Mid-Life Chrysalis goes Kafka-esque when Doctor Venture develops a nasty growth, courtesy of Doctor Girlfriend. The B story sees Brock training to regain his license to kill after the old one expires. Eeney, Meeney, Miney… Magic! introduces a recurring cast member, the Doctor Strange-inspired Doctor Orpheus, as well as his Goth daughter Triana. Orpheus, who rents a place at the compound, has faced the worst hell has to offer; but he nonetheless deals with even the simplest problems with an overdeveloped flair for the melodramatic. The Incredible Mr. Brisby has the team meeting Disney analog Roy Brisby as they travel to Brisbyland on the behest of the creator of Bizzy Bee. Brisby traps Doctor Venture with the help of his panda assistant, and tries to convince Venture to create a clone for him, preferably one without the facial paralysis with which he is afflicted. We also meet Brock’s old flame Molotov Cocktease, a cross between Marvel’s Black Widow and Aeon Flux. And if that weren’t enough, the Orange County Liberation Front kidnaps the boys.
Tag Sale— You’re It! brings in a few more series regulars, as the familiars of Doctor Venture attend his yard sale. Professor Impossible, the gay albino Peter White, and hydrocephalic friend Master Billy Quiz-Boy are all here, as are numerous supervillains looking to score some cheap scientific gadgets. The Monarch, Doctor Girlfriend, and Monarch’s henchmen create a weird family dynamic to be sure! Naturally, a riot breaks out at the sale, and the help of Doctor Orpheus is needed to quell the disturbance.
Home Insecurity has a great set-up, with the minions of Baron Underbheit encountering the henchmen of The Monarch as they all try to break into the Venture compound on the same night. This awkward situation results in a meeting between the two head fiends, while their lackeys turn the event into a party. And that’s not even the best of this terrific episode, which also sees Brock encounter retired government agent Steve Summers, a six million dollar man who is on the run with his Sasquatch lover. This episode is probably the acid test of whether or not you will be a fan of The Venture Bros., as it contains some of its best edgy humor and pop culture references. Disc One closes with Ghosts Of The Sargasso, which has Doctor Venture going after his dad’s sunken spaceship, while his boat is captured by pirates.
Moving on to Disc Two, we get to another one of my favorites. Ice Station – Impossible! sees Doctor Venture, Peter White, and Master Billy being invited into a think tank headed up by the leader of The Impossibles, a dysfunctional family of adventurers that are more than inspired by the Fantastic Four. The all-too-obvious references to the FF make one truly wonder how this episode ever avoided litigation. Nevertheless, it is a standout of an episode, that also connects the show to the Jonny Quest world with the appearance of Race Bannon, a former colleague of Brock.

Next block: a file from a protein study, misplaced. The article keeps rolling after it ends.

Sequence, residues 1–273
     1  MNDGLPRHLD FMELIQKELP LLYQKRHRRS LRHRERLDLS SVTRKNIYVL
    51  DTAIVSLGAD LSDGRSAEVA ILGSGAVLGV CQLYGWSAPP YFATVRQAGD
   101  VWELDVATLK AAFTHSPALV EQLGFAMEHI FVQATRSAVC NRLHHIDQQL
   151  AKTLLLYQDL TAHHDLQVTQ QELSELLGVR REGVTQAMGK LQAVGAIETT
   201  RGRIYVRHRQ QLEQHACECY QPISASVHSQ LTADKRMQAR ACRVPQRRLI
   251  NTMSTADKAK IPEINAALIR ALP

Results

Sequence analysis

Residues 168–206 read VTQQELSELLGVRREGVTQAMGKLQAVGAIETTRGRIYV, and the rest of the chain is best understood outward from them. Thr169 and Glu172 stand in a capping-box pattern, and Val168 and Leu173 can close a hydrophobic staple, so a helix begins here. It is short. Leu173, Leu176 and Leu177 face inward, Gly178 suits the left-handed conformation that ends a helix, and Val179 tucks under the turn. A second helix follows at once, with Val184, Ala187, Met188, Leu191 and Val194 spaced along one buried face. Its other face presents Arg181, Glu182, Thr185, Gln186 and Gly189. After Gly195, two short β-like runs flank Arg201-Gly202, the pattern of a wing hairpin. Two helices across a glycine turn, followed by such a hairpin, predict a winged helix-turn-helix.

Are You There, God? It’s Me, Dean. is yet another hilarious episode. Dean develops a physical problem of an intimate nature, just when The Monarch has the team trussed up and facing death. Due to a clause in the handbook for the Guild Of Calamitous Intent, The Monarch has to agree to let them go while Dean gets medical attention from Peter and Master Billy. Monarch takes Hank and Brock as collateral, which allows them to attend Monarch’s birthday festivities at his cocoon hideout.
The final three episodes aren’t quite as good, but still are enjoyably twisted. Past Tense brings back Jonas Venture’s own Team Venture companions, as they are enlisted to save Doctor Venture and Brock from an abduction. Team Venture is part-Doc Savage, part League Of Extraordinary Gentlemen, and part Hellboy. The pop culture references continue to fly! And you’ve gotta love fembots. The best part of this episode is seeing how some of the characters originally met in college. The Trial Of The Monarch shows more of the workings of the Guild Of Calamitous Intent, with The Monarch playing the part of pawn during his darkest hour— his break-up with Doctor girlfriend and subsequent capture by police. Lastly, Return To Spider-Skull Island brings the first season to a shocking close as the title of the show takes on a whole new meaning.
I had a blast watching these episodes.
Is This Thing Loaded?
The set has several Audio Commentaries by co-writers Jackson Publick and Doc Hammer. The ones for Mid-Life Chrysalis, Eeney, Meeney, Miney… Magic! Tag Sale, and Sargasso are somewhat meandering, but at least there are no pauses and the boys are enthusiastic enough while imparting the odd bit of information along with numerous segues into other subjects. We can certainly see how they are two writers with one voice. The commentary on Return To Spider-Skull Island is more satisfying, as the guys describe how they met and put the show together, starting with Publick’s conception of the project as a comic book from Money Press (publishers of Rex Steele).